Postprandials, Thursday, 24 April, 2014

April 24, 2014 Leave a comment

XJO up +0.2%.  Volume today was up on recent days but affected by Options Settlement Day.  It’s always elevated on Options Settlement Day.

XJOToday’s candle was a “stumpy”.   XJO has been up six days in a row – so it’s about time the market had a rest.


Bollinger Band %B – a measure of variability from the mean – is the highest since  30 April, 2013 – nearly one year ago.  That didn’t mark the Autumn top – the top  came about two weeks later.  But it was a measure showing how “frothy” the market had become.  It is becoming “frothy” once again.  We might have to see a bit more upside before we get a serious move to the downside.

That’s all for today.  It’s a long Weekend while Australia remembers its War sacrifices.

The regular Weekly Report will be out on Sunday.



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Morning Coffee, Thursday, 24 April, 2014

April 24, 2014 Leave a comment

SP500 -0.22%,  Dow Industrials -0.08%, Nasdaq100 -0.89%, Russell2000 -0.74%, Transports +0.1%

CGGThe market was in pause mode last night.  Not surprising after SPXwas up for six days.  Nasdaq100 was down strongly and breadth (small caps – Russell2000) was weak.  After hours, both Apple and Facebook reported and were both up strongly in after hours trading, so a lot of today’s losses in NDX will be recovered.

SP500There were a lot of factors pointing to a pause today.  Six days up – that’s one.  The chart had also hit dual resistance – horizontal and oblique.  That’s always a tough nut to crack.  I’ll be surprised if we don’t see more upside.  The Indicators still have more room to move.  But I’ll change that opinion if today’s pause (narrow range, inside day) is followed by a big down day.  Given the after market action in Apple and Facebook – the odds of a big down day in the next session seem low.  My best bet would be a test of the recent highs set in early April.


CommoditiesCRB Index was flat at +0.05%.  Energy was weak -0.25% but inside the previous day’s range – so this might be consolidating.  Industrial Metals down -0.33% and Precious Metals up +0.29%.  With the exception of Precious Metals all the commodities have 20-Day MAs above the 50-Day MAs, that’s medium term bullish.  The Industrial Metals action might cause a little softening in our Materials today – but really – it’s not a big set back.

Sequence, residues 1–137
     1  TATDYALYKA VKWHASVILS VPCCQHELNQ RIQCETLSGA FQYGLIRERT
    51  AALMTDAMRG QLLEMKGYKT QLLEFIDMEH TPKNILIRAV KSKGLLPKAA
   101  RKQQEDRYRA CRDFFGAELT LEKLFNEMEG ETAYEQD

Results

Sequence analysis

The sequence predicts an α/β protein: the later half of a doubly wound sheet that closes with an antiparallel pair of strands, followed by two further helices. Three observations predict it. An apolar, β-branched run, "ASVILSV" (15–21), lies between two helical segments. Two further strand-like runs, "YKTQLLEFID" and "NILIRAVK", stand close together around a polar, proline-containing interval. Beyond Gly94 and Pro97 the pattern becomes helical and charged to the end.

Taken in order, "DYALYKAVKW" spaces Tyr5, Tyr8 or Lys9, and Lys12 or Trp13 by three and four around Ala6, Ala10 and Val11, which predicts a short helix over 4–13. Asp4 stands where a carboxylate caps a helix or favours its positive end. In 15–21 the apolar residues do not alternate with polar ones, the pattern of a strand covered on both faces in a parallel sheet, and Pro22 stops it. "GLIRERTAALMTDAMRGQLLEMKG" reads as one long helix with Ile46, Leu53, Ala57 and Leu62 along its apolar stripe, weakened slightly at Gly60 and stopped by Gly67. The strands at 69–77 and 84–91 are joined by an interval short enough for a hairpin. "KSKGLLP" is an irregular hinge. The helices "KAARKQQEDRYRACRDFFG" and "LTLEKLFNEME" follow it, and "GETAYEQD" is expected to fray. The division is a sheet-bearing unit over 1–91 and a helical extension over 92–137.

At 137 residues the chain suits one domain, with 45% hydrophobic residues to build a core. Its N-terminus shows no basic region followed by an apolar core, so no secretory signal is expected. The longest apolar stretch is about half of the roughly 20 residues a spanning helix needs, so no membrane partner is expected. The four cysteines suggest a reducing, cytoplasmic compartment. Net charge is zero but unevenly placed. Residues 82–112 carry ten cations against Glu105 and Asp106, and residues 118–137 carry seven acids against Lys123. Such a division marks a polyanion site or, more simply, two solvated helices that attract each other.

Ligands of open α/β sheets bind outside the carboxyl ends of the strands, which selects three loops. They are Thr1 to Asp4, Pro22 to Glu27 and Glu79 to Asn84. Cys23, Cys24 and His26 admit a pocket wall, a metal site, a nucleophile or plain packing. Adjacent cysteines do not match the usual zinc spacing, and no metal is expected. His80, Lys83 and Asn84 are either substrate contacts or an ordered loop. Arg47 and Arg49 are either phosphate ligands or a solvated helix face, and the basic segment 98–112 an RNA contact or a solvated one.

BHP on the NYSE down a little -0.18%, Westpac +0.3%, EWA -0.41%, Ozzie Dollar -0.83%.  Discounting for the weakness in the Ozzie Dollar, the Australian stocks performed quite well.  That looks bullish for our market today.

US$ Gold hasn’t moved significantly off support.  But the Gold Miners Index (GDX) has moved up quite strongly +2.02%.  Miners usually lead the POG.  So this is looking bullish.

Gold MinersOur Gold Mining Index was up yesterday +1.95% – I expect to see carry through today.


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Postprandials, Wednesday, 23 April, 2014

April 23, 2014 Leave a comment

XJO up +0.7%.  Volume was higher than it’s been for some days.  So, in context (although below the 20-Day Average) it looks likely we’re seeing distribution from strong hands to weak hands.

Screen Shot 2014-04-23 at 9.35.24 PMThe index is at oblique resstance after five up days.  Indicators are suggesting negative divergence but there’s nothing extreme about the indicators.  There could be more in this but not much.  The following chart suggests to me that we’re seeing a top, at least in the short term.

WOWThe above is a chart of Woolworths.  It’s been the darling of this short term run-up.  Today, WOW hit oblique resitance after being up strongly – and then fell heavily.  WOW is showing a hypodermic needle.  These are often seen at the end of a trend.  If accompanied by high volume – that increases the chance that we’re seeing a top pattern – a blow-off top, with reversal.  (Sounds like a 10 score if the judges are bears.)

A single stock reversal may, or may not, be significant.  But if tomorrow is a big down day – it just might be the death knell for this short term up trend.

Today the Australian market was carried on the back of the banks.  Finncials x-Property up 1%.  Here’s the chart for Financials x-PT: